This week, negotiations to fund the federal government past September 30th continued on Capitol Hill. In addition, one House subcommittee met to discuss Social Security’s solvency challenge.
Budget Negotiations Continue
Negotiations to fund the federal government past September 30th – the end of the fiscal year – continued to move slowly this week. On Tuesday, with a vote of 89-7, lawmakers in the Senate advanced legislation that will eventually include a continuing resolution (CR) to fund operations through December 9th. However, at the time of writing this update on Thursday, September 21st, that language had not yet been finalized.
Senator Jerry Moran (KS), who voted in favor of the bill, told reporters: “There are negotiations that are ongoing, and this bill in my view just sets the stage for an agreement that we hope occurs sooner rather than later.” Lawmakers in the House have been told to clear their schedules for a possible rare weekend vote on Saturday, September 24th. House Appropriations Chairman Hal Rogers (KY-5) told reporters, “We’ll be ready.”
However, it is more likely that votes on the short-term CR will take place next week, just days before the looming deadline. Senator Roy Blunt (MO) said: “I’ll be safe by saying we’ll be here next week, and probably well into next week.”
Negotiations to keep the federal government operating will likely come down to the wire once again. Lawmakers have exactly one week – until September 30th – to negotiate the details of the funding package. Should they fail to meet the deadline, the federal government will shut down just weeks before the November elections, and Social Security beneficiaries could see delays in their monthly benefits. TSCL will keep a close eye on the evolving negotiations, and we will post updates here in the Legislative News section of our website.
Subcommittee Discusses Social Security Insolvency
On Wednesday, lawmakers on the House Ways and Means Social Security Subcommittee held a hearing titled “Understanding Social Security’s Solvency Challenge.” Members of the subcommittee heard from two expert witnesses – Stephen Goss (Chief Actuary of the Social Security Administration (SSA)) and Keith Hall (Director of the Congressional Budget Office (CBO)).
In his opening statement, Chairman Sam Johnson (TX-3) explained that earlier this year, he asked the two witnesses to examine the long-term Social Security projections put forth by their agencies and to reconcile the differences. He said, “Today, the Trustees and CBO paint very different pictures of just how much trouble Social Security is in.”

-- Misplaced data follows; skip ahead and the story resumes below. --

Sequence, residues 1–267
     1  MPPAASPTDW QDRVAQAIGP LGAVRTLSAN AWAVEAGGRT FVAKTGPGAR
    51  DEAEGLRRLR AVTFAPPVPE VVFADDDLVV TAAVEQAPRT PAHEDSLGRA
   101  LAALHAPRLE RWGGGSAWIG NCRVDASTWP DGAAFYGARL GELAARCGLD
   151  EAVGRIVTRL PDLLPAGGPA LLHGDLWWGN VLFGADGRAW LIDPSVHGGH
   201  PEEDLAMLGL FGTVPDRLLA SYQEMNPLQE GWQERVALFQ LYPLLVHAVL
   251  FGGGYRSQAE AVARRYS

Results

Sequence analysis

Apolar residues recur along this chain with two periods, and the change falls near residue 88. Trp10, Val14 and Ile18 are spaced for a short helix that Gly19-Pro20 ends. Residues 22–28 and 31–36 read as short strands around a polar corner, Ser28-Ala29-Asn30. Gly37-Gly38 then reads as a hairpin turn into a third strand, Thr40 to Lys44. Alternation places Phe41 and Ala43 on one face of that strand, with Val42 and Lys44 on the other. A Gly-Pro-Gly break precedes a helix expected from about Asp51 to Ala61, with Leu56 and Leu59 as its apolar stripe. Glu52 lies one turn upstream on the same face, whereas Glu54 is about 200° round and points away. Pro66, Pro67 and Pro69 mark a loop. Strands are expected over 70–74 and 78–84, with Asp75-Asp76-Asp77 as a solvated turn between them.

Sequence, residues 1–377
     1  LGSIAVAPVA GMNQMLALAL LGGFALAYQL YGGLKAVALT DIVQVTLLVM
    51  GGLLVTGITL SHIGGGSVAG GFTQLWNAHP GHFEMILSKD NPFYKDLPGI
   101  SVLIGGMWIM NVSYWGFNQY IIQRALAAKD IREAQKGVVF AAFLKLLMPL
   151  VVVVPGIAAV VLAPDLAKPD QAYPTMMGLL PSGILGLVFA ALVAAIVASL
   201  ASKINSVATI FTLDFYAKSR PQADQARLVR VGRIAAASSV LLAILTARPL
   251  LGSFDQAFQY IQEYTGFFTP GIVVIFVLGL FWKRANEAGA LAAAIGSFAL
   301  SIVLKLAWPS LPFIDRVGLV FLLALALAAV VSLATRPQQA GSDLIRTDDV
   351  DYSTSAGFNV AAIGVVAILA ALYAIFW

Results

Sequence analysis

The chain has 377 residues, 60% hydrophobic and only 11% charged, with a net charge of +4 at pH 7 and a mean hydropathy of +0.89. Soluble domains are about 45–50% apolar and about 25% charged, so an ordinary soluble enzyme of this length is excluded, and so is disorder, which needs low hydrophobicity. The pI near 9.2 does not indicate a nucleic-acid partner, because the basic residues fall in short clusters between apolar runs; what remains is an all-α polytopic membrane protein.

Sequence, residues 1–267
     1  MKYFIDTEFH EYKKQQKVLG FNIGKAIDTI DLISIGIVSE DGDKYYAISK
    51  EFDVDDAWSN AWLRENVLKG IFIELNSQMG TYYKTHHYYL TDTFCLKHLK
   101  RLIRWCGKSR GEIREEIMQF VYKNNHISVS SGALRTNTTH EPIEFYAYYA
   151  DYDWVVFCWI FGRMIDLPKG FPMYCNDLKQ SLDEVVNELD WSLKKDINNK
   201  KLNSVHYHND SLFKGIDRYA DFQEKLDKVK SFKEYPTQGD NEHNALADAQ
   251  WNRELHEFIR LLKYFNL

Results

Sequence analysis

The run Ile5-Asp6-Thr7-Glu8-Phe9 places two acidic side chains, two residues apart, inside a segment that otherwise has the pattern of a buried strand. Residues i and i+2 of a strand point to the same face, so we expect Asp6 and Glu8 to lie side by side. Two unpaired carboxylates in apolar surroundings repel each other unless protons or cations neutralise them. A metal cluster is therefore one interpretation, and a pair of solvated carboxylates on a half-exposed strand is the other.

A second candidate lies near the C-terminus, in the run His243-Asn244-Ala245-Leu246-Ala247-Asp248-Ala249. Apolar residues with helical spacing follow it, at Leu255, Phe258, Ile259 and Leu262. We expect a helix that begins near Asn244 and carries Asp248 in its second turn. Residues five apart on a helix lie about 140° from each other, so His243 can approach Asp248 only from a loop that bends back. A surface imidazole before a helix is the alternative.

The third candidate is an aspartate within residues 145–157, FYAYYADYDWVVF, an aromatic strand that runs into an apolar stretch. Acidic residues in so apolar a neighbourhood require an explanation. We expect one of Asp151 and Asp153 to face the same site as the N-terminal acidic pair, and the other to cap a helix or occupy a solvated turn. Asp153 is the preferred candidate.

For example, the annual report released by the Trustees earlier this year estimated that Social Security’s trust funds will face exhaustion in 2034. However, the most recent report released by CBO projected exhaustion to occur five years earlier, in 2029. In his opening statement, Chairman Johnson stressed the need for accurate estimates. He said, “I know we’ve all looked at ideas on ways to fix Social Security. And while we may not agree on the best way to do it, we should at least agree that we need an as accurate as possible picture of Social Security’s financial health.”
Chief Actuary Goss and CBO Director Hall agreed with Chairman Johnson, and they presented several possible explanations to account for the difference. In their reports, CBO recently began assuming a lower birth rate than the Trustees, a higher net immigration rate, a lower projected labor force participation rate, a lower interest rate for trust fund reserve investments, and a much higher concentration of earnings for the wealthiest individuals in the future.
Meanwhile, the Trustees have committed to making only incremental, evidence-based changes to the formulas that their projections are based upon. In his statement, Chief Actuary Goss told the subcommittee, “It should be rare that new experience or insight from one annual report to the next would make a substantial change in the actuarial status … We have seen many cases where a measure appears to be moving in a new and different direction, only for that change to be reversed after a short time.”
The explanations laid out by Chief Actuary Goss and CBO Director Hall likely account for most of the difference between the two long-term projections. As several lawmakers at Wednesday’s hearing pointed out, it is impossible to know which estimate is more accurate, but it is imperative that Congress begin addressing the shortfall in the near future. One member of the subcommittee – Rep. Earl Blumenauer (OR-3) – suggested the creation of a “National Save Social Security Day,” where lawmakers would hold serious, bipartisan discussions about the challenges facing Social Security.
TSCL agrees that whether Social Security becomes insolvent in 2034 or 2029, Members of Congress must commit to addressing the problem as soon as possible so that any necessary changes can be phased in gradually and with very little impact on beneficiaries. In the months ahead, our legislative team will continue to advocate for policies that would strengthen and modernize the Social Security program responsibly, without harsh benefit cuts for seniors. For progress updates, follow TSCL on Facebook and Twitter.